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Resistin contributes to neointimal formation via oxidative stress after vascular injury.

Authors: Shyu, KG  Lien, LM  Wang, BW  Kuan, P  Chang, H 
Citation: Shyu KG, etal., Clin Sci (Lond). 2011 Feb;120(3):121-9. doi: 10.1042/CS20100226.
Pubmed: (View Article at PubMed) PMID:20795947
DOI: Full-text: DOI:10.1042/CS20100226

Resistin may play a major potential role in vascular remodelling and may contribute to atherogenesis. However, the role of VSMC (vascular smooth muscle cell)-derived resistin in neointimal formation is not well understood. We hypothesize that endogenous resistin derived from VSMCs may contribute to neointimal formation after vascular injury. VSMCs from thoracic aorta of adult Wistar rats were cultured. The carotid artery from adult Wistar rats was injured by balloon catheter. Resistin significantly increased migration and proliferation of VSMCs. Resistin siRNA (small interfering RNA) and resistin antibody significantly inhibited migration and proliferation of VSMCs induced by conditioned medium from stretched VSMCs. Resistin protein and mRNA expression significantly increased at 14 days after carotid injury. Resistin siRNA and NAC (N-acetylcysteine) significantly reduced resistin protein and mRNA expression induced by balloon injury. Carotid artery injury increased ROS (reactive oxygen species) production. Treatment with NAC and resistin siRNA decreased ROS production. The neointimal area was significantly increased after carotid injury and was significantly reduced by resistin siRNA and NAC. In conclusion, resistin increases migration and proliferation of VSMCs, and expression of resistin in carotid artery significantly increases after injury. Resistin siRNA attenuates neointimal formation after carotid injury partly through an antioxidative mechanism. Resistin may play a pivotal role in the pathogenesis of neointimal thickening after mechanical injury.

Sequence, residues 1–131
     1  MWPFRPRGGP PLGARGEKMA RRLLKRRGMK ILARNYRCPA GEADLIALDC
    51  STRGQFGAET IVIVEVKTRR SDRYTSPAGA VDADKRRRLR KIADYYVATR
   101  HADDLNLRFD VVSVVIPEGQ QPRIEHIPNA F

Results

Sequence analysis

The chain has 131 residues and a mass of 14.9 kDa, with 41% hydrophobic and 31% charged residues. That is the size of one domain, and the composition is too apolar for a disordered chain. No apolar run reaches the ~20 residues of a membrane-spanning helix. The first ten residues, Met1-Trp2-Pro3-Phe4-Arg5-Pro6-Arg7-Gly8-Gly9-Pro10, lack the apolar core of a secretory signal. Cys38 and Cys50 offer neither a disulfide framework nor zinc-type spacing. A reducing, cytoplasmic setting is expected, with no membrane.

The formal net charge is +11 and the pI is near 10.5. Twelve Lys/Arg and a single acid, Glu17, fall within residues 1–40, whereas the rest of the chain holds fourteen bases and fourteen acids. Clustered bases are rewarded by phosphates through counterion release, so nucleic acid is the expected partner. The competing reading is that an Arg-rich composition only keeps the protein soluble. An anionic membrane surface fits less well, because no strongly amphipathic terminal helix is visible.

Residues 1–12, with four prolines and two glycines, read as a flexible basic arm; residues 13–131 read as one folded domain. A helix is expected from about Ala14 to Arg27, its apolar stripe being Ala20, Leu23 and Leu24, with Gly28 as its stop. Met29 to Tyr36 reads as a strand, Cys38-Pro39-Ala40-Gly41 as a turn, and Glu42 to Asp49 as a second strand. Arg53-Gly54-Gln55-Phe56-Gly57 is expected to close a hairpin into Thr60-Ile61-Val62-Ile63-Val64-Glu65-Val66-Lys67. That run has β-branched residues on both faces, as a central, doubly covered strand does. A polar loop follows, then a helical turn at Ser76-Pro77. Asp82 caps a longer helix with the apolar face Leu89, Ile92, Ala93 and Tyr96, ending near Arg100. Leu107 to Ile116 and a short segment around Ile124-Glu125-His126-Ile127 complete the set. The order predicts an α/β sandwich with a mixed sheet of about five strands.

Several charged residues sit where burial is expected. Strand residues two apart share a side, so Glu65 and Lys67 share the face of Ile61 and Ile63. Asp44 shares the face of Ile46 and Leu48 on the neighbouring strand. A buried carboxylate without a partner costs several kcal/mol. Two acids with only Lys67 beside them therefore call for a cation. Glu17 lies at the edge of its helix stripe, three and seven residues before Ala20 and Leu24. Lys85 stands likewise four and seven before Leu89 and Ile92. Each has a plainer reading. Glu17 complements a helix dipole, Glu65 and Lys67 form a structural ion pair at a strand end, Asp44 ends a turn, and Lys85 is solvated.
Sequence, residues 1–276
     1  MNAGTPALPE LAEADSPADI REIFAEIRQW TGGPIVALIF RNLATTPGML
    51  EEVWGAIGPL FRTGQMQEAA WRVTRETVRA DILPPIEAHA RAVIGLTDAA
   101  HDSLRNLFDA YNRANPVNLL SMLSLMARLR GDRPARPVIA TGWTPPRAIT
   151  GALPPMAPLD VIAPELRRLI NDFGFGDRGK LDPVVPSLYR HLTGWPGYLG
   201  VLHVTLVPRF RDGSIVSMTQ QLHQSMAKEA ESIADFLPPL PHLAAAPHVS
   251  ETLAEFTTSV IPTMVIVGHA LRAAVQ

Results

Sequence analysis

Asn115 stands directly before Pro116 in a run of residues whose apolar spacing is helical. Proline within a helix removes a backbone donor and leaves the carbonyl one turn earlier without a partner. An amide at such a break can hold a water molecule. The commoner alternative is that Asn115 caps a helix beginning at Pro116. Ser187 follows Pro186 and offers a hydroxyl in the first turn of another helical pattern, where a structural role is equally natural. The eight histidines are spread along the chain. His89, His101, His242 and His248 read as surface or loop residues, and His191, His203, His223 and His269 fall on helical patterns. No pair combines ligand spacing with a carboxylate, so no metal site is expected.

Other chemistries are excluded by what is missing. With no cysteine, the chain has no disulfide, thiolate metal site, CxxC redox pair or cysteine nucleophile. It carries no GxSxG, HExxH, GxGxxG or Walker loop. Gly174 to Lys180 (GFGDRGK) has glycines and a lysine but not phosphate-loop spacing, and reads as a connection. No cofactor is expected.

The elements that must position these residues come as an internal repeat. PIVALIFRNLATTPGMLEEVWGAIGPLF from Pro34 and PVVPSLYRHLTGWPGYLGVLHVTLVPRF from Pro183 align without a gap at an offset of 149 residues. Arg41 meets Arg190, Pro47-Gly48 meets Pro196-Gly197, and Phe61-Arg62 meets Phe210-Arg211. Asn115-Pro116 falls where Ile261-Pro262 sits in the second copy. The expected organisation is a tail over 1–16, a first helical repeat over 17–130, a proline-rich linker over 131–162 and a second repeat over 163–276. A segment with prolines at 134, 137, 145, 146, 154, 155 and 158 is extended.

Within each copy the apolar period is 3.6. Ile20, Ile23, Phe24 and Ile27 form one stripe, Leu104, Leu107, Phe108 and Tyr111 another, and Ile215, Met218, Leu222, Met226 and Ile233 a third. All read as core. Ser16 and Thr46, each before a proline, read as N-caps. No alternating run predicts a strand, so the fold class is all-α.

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RGD Object Information
RGD ID: 7207234
Created: 2013-01-25
Species: All species
Last Modified: 2013-01-25
Status: ACTIVE


RGD is funded by grant HL64541 from the National Heart, Lung, and Blood Institute on behalf of the NIH.